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American 28mm Victor "Safety Cinema" Projector

American Victor 28mm cine projector - motor driven version


The year was 1918; the place, Rochester, N.Y.; and the occasion, a meeting of the recently formed Society of Motion Picture Engineers. On this occasion Alexander F. Victor, an equipment manufacturer and an active member of the Society addressed the assemblage on the subject, "The Portable Projector; Its Present Status and Needs." (Trans. SMPE, No. 6, pp. 29-32, Apr. 1918.) In his paper, Victor made a strong plea that the Society create a new and separate standard for motion pictures used outside the theater, that is, in the nontheatrical field. Specifically he proposed a modification of the 28mm film size that had been introduced in 1912 by the French firm of Pathé Freres. Mr. Victor pointed out that if the SMPE were to adopt a standard of this type it would tend to discourage a number of manufacturers of portable projectors from using many different film sizes and would encourage a more uniform practice.

Most significantly, Victor stated that this film size should be supplied only on safety acetate support in order to reduce the hazard of its use in the home, the school and other locations where safety from fire hazards is paramount. It was a bold proposal and Victor stated later that "it took many months of the hardest kind of persuasion and work to obtain the required number of votes to secure acceptance of this proposal"(Am. Cinemat., 26: 376, Nov. 1945). A standard was adopted in April 1918 by the Society for safety standard film, 1.102 in. (28 mm) wide, for use with portable projectors.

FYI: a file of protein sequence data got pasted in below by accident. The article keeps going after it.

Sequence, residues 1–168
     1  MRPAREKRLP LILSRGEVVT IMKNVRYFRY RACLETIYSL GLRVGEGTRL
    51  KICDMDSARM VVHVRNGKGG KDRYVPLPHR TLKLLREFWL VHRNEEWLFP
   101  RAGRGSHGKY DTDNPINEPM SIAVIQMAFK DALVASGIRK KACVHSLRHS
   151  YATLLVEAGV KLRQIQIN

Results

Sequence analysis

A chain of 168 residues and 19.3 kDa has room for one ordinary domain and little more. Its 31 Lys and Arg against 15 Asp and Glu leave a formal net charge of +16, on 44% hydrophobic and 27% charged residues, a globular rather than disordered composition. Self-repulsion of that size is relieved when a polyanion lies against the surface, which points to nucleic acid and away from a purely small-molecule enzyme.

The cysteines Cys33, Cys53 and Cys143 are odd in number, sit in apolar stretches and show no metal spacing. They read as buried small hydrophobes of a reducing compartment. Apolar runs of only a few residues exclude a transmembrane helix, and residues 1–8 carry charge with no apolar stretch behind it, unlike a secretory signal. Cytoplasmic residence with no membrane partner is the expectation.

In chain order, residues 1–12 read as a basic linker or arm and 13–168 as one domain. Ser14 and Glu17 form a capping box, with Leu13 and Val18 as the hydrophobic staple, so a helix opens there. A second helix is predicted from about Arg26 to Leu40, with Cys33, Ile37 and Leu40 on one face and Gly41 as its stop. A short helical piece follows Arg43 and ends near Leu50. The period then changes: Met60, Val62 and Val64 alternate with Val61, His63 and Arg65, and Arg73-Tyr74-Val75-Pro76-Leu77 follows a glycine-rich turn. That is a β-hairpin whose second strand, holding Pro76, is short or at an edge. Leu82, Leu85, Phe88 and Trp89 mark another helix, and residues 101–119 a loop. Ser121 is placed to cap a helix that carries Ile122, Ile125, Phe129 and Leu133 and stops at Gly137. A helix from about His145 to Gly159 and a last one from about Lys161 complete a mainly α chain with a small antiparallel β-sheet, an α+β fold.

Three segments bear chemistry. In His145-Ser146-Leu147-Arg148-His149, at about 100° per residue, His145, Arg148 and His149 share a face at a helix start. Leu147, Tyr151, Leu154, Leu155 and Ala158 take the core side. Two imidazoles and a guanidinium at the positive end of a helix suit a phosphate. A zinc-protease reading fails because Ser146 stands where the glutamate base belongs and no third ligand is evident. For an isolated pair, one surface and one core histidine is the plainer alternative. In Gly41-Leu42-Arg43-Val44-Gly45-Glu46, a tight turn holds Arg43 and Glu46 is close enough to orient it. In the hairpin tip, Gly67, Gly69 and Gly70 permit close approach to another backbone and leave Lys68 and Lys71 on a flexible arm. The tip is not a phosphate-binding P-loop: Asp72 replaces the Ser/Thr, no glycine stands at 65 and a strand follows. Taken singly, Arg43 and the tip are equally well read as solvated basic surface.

Prior to World War I, the French Pathéscope, with a library of 28mm non-inflammable film was introduced to the United States and Canadian markets. When importations of projectors was cut off after the war started in Europe, Victor designed and built, in 1917, the Victor Safety Cinema to use this 28mm film, which appealed to him as the answer to the hazard problem. Victor redesigned the Pathescope film only to the extent of using three perforations on each side of the frame instead of the original three and one. As previously noted, he presented a paper in 1918 to the Society of Motion Picture engineers exposing the hazards involved in using 35mm nitrate film in schools, and churches and elsewhere without booth protection and urged the adoption of 28mm safety film by the SMPE as a new standard.
(Samuel J. Rose- Journal of the SMPTE 72 (August 1963, pp. 614-621)

The Victor 28mm 'Safety Cinema' Projector

My own 28mm Victor Safety Cinema - Although not needed, I have fitted the included handle

The Victor 28mm projector was made by The Victor Animatograph Co., Davenport, Iowa, USA. My example has a serial number of 574. I think currently there are just two examples in the UK; at least one is in a private collection in Australia; whilst two others exist in private collections in Canada and the USA. One has pride of place on a pedestal in a glass case in the Library of Congress, Washington, DC, USA.

Manufacture began in 1917, but records indixcate only around eleven were assembled in that first year. By the end of 1919, serial numbers were up to 524 - putting my machine (serial number 574) to be dated about 1920. (Later machines had serial numbers like 2071 - this example is currently in the USA).